No tie required.

Formality. I bet you think you know where I'm heading with this. You're partially correct.

I'm not a believer in transfiguring myself one day a week to take on a detached Christian role. I also maintain that a church should remain with it's doors opened in welcome to anyone, and it's congregation (of active Christians I assume) should swell with joy when an informal stranger peeks his head in. Sadly, this is not what I've found to be true of most church buildings or of it's congregation members. We dress up and look down. We become different people for a different day to serve a different purpose. I don't believe it began that way, though.
Dressing up was once a sign of respect for the meaning of the Sabbath and an offering of discomfort, if you will, to our God who deserved our best. Christians were Christians all week long in action but they put the time aside to worship formally on their Sabbath day. And from a sincerely grateful heart all of this was good. It was done in love.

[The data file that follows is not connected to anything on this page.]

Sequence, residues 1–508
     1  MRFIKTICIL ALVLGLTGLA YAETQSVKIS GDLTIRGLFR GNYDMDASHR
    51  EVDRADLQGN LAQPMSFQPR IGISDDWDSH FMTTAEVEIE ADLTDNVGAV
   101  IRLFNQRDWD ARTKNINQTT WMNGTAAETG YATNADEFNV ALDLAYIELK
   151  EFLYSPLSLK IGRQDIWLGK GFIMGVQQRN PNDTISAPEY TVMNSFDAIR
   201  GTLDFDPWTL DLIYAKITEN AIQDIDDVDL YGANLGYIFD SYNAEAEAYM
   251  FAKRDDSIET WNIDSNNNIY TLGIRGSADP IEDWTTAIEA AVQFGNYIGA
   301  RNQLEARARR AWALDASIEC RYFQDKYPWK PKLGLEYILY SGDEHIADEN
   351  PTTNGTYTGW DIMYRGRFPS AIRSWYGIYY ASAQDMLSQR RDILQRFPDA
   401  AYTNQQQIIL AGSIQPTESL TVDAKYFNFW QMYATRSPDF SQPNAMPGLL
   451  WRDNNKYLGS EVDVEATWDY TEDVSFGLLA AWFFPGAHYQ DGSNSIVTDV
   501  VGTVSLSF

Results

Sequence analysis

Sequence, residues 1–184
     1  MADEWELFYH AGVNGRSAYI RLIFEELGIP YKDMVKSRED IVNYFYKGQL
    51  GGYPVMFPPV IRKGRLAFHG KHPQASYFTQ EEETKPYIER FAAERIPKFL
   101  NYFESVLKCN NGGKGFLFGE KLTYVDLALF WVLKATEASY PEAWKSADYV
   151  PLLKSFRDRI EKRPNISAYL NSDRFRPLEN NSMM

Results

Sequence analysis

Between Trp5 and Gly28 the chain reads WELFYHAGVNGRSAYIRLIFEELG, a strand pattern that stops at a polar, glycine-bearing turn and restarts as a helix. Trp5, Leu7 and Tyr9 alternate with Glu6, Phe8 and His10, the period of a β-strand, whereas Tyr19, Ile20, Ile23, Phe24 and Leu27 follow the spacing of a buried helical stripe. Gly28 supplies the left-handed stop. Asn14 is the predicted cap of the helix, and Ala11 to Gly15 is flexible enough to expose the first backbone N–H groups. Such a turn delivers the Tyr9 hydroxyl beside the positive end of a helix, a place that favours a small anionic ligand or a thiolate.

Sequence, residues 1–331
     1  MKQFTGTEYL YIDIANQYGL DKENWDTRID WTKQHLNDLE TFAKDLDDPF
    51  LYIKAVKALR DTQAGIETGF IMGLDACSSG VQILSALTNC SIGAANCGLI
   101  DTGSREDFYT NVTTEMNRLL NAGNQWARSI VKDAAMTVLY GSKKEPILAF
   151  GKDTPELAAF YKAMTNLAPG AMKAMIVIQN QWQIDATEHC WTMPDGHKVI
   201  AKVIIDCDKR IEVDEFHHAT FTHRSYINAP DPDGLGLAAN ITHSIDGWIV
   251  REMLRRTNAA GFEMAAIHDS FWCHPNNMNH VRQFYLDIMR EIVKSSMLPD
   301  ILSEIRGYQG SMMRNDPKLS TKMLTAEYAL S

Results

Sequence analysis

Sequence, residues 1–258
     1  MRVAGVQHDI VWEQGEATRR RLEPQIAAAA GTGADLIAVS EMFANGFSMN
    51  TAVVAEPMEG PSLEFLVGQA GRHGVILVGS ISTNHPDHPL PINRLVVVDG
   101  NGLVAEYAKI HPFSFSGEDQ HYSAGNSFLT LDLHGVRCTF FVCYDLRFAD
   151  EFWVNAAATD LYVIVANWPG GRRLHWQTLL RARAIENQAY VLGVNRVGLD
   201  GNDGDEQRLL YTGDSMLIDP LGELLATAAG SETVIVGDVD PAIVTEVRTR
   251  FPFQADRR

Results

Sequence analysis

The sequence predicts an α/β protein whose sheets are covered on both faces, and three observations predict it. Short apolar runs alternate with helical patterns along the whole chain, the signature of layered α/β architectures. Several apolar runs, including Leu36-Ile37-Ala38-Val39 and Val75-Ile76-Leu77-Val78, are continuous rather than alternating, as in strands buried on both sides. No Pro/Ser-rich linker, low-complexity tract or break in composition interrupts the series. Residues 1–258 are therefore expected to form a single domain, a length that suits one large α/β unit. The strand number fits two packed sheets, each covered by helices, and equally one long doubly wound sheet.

Sadly, tradition never maintains it's original intent. Why can't it? Well, a couple of reasons spring to mind. a) Cultural relevance transforms our understanding of the intricate facets that constructed the particular practice. b) Our emotional connection to the practice can only be attached to people we know of as opposed to people we know. The tradition therefore is carried out in the form of unquestionable obedience, which is never, never good. It leads to exclusivism; an opposing idea to Christ's personal earthly ministry. It leads to pride and ego. And the most damaging reason of all.....it leads to the personal comfort of the practitioners. Congratulations to them! They've been successfully mislead. They believe they are acting in faith, because that's how believers used to act in faith. In this misleading, Satan leaves them to cause their own destruction and he moves on to someone who is actually a threat to him. But, wearing your Sunday best isn't even the particular tradition this post is addressing. I'm going to have you look at yourself in what should be your most vulnerable state.